Energy and Commerce Committee Leaders Continue Inquiry Into $100M Colorado Broadband Stimulus Grant
WASHINGTON, DC – Energy and Commerce Committee leaders today continued their investigation into the National Telecommunication and Information Administration’s (NTIA) decision to award a $100.6 million stimulus grant to the EAGLE-Net Alliance in Colorado. The grant was funded through the Broadband Technology Opportunities Program (BTOP), a $4.7 billion program included in the president’s 2009 stimulus bill. In a letter to NTIA Administrator Larry Strickling, Oversight and Investigations Subcommittee Chairman Tim Murphy (R-PA), Communications and Technology Subcommittee Chairman Greg Walden (R-OR), and Rep. Cory Gardner (R-CO) expressed concern that the EAGLE-Net project has overbuilt existing fiber lines instead of extending service to “unserved” and “underserved” areas, as the law requires.
The leaders wrote, “While the Committee recognizes the importance of expanding broadband access to rural areas of the country, we are concerned by reports that the EAGLE-Net project has overbuilt existing systems rather than extend service to areas of Colorado that legitimately meet the underserved/unserved eligibility requirements. For example, on February 11, 2013, the New York Times reported that the EAGLE-Net project built a connection to an 11-student elementary school in Agate, Colorado which already had two existing high-speed fiber optic connections.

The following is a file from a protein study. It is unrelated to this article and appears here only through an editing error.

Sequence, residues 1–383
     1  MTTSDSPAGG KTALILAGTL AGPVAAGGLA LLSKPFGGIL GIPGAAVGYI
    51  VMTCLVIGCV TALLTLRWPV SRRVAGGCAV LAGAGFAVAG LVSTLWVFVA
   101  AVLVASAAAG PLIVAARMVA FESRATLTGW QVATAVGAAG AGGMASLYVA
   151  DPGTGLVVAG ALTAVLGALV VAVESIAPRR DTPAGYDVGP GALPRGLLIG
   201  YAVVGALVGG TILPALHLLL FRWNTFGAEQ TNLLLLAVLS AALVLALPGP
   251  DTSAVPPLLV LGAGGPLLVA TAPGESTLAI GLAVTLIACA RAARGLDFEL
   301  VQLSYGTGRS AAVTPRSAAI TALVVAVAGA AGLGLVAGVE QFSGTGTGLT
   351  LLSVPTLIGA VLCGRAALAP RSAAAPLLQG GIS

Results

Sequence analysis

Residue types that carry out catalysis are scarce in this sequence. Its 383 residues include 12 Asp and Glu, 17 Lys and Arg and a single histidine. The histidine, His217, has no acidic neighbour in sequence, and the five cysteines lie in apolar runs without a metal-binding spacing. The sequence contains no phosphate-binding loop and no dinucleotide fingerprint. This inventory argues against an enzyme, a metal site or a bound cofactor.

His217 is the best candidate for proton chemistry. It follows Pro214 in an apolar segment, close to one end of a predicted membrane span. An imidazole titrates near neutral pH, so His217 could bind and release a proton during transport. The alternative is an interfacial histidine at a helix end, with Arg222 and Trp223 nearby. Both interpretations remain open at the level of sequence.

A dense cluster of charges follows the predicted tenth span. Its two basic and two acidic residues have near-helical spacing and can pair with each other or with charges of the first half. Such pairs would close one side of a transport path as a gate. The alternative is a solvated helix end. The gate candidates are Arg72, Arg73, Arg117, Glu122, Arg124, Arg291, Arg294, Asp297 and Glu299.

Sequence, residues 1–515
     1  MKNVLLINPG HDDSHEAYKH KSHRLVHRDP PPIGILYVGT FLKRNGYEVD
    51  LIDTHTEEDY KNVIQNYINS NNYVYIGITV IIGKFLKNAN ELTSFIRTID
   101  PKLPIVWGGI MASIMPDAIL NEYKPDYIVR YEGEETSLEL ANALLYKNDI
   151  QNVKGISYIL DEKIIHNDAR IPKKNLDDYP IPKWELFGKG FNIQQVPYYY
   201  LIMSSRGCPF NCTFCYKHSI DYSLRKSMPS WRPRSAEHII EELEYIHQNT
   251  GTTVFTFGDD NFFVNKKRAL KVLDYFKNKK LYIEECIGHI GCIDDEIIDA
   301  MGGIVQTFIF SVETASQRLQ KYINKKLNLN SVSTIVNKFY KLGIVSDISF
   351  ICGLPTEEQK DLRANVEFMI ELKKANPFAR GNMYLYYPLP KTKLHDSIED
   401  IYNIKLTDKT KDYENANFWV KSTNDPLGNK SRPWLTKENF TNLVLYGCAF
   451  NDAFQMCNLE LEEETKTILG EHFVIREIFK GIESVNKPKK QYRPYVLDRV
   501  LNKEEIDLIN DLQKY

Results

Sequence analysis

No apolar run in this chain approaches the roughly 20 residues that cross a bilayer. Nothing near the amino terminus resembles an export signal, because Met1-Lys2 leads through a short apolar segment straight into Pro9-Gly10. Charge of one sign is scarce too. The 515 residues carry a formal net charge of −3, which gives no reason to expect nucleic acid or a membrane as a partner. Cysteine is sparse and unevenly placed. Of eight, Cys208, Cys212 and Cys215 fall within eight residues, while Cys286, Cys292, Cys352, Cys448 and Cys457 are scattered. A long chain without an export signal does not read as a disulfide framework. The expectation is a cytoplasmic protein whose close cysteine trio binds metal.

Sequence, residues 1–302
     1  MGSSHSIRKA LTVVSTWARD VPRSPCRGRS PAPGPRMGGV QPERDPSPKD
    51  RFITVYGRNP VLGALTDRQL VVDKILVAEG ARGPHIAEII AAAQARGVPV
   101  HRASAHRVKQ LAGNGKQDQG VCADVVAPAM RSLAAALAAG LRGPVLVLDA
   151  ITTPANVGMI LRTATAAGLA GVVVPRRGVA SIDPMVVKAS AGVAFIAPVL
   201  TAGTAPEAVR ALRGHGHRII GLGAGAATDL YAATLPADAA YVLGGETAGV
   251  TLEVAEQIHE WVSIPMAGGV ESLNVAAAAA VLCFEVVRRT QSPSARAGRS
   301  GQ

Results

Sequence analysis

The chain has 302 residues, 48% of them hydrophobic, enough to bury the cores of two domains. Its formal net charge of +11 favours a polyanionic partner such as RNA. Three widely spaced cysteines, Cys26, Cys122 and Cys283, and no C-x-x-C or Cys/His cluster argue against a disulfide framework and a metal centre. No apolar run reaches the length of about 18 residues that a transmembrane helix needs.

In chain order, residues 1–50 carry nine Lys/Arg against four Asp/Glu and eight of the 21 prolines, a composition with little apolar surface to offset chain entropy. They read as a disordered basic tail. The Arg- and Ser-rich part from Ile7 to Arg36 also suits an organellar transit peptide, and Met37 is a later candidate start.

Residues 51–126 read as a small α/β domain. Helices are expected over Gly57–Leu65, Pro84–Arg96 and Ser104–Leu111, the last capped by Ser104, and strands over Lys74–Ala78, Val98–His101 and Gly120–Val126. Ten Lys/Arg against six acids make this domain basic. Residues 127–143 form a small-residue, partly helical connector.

“Meanwhile, those areas of Colorado which truly lack high-speed broadband connectivity – such as the communities along the Western Slope - are still waiting for the promised EAGLE-Net service to be turned on. We remain skeptical of that occurring on time and on budget in light of a February 28, 2013 report indicating that $96 million of the $100.6 million grant has already been committed or spent. Even more troubling to the Committee is EAGLE-Net’s recent acknowledgement that only $7.8 million of the original grant money remains despite reports that the project is less than half complete.”
In February, the Communications and Technology Subcommittee held its fourth hearing on stimulus broadband spending, during which Administrator Strickling denied that there were any problems with the EAGLE-Net grant. In March, Committee leaders requested the Government Accountability Office conduct additional oversight of the stimulus loan and grant programs in an effort to protect taxpayer dollars. Additionally, in May, Rep. Gardner and Rep. Scott Tipton (R-CO) applauded plans by the Department of Commerce’s Inspector General Todd Zinser to audit the the EAGLE-Net grant and requested that the IG gather additional information to assist the Committee’s investigation.
To read the committee’s letter to NTIA, click here.